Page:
Current cancer diagnostic procedures have several challenges such as

1) need for a tumor biopsy which is difficult to obtain each time for therapeutic intervention

2) limited predictive value of molecular histopathological classifications and biomarkers, therefore patients end up being over or under-treated. Tissue biopsies are painful, time consuming, expensive, and very importantly associated with tumor heterogeneity which limiting the efficacy of targeted therapies and compromising treatment outcomes. Therefore, it is of high concern to develop alternatives non-invasive tools to avoid most of these problems and accurate prediction of the tumor progression to improve the selection of patients for right treatment.

Recent advances in lysosome biology have established the role of lysosome enzymes in the pathophysiology of cancer. Lysosomal enzymes degrade macromolecules, and increased circulating enzyme activity may be an important mechanism in tumor progression and metastasis. This makes lysosome a potential target for cancer diagnosis and treatment. In the current research proposal we would like to measure lysosome enzyme activity in plasma and leukocytes from cancer patients and normal controls for early diagnosis, patient stratification and prognosis.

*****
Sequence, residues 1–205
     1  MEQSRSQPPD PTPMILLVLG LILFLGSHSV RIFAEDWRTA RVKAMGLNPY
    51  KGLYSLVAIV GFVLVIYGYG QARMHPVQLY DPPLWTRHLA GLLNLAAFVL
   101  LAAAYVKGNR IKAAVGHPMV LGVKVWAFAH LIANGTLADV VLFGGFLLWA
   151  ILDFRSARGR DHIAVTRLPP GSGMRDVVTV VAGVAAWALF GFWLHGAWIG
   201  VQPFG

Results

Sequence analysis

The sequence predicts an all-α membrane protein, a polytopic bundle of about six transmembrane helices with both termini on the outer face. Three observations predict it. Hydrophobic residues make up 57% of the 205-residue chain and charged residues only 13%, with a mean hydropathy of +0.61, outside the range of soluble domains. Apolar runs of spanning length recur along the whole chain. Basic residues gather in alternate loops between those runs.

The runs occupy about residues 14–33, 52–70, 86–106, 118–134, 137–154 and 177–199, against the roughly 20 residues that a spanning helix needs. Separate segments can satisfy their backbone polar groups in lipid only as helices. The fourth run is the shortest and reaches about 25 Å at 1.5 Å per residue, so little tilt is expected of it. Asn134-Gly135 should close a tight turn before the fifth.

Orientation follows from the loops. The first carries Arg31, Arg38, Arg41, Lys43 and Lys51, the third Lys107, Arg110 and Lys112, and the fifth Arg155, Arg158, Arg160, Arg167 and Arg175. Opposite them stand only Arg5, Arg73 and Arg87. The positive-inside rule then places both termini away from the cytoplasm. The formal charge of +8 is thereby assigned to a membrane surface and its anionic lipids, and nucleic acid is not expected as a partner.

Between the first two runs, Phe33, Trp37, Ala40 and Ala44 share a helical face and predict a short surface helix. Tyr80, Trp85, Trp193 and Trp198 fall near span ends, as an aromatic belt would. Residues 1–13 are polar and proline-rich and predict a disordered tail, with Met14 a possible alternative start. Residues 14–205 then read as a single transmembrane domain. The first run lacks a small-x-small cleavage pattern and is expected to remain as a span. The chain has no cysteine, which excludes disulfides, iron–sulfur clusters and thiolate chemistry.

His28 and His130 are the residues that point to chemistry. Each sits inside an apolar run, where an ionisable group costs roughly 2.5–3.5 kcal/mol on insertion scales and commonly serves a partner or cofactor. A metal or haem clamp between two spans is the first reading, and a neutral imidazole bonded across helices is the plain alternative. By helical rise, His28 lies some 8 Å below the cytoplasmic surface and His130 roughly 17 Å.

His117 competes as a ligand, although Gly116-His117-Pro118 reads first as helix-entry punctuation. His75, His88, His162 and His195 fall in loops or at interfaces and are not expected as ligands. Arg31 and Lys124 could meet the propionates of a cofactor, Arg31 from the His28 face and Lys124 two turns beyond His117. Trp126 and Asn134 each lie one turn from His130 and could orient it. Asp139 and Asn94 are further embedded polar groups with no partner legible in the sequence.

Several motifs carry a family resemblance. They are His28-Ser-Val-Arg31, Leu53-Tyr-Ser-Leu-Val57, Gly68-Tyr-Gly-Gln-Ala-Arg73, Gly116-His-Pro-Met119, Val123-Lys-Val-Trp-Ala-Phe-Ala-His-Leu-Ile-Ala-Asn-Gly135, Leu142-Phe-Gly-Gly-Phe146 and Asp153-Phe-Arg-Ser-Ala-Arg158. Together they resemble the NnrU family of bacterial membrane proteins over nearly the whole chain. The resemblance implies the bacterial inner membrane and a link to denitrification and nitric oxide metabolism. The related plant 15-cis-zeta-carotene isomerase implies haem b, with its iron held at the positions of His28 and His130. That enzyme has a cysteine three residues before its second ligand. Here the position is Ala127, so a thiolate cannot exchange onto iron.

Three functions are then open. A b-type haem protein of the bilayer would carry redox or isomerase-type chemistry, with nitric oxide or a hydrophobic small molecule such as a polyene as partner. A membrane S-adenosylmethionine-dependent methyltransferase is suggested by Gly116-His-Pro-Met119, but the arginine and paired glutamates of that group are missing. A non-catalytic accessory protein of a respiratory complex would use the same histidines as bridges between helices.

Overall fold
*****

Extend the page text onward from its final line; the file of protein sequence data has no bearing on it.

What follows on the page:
Lysosomes role in cancer

Lysosomes are membrane-bound intracellular organelles that contain more than 50 hydrolases to degrade and recycle macromolecules. The lysosomal degradation pathway regulates a variety of cellular functions such as autophagy, endocytosis, and phagocytosis to maintain cellular homeostasis. Deregulation of lysosomal degradative pathway causes lysosomal storage disorders and cancers. Accumulating evidences reported that Lysosomal enzymes can induce tumor progression and apoptosis, therefore lysosomes are very interesting targets for cancer therapy and have important implications in cancer diagnosis and prognosis.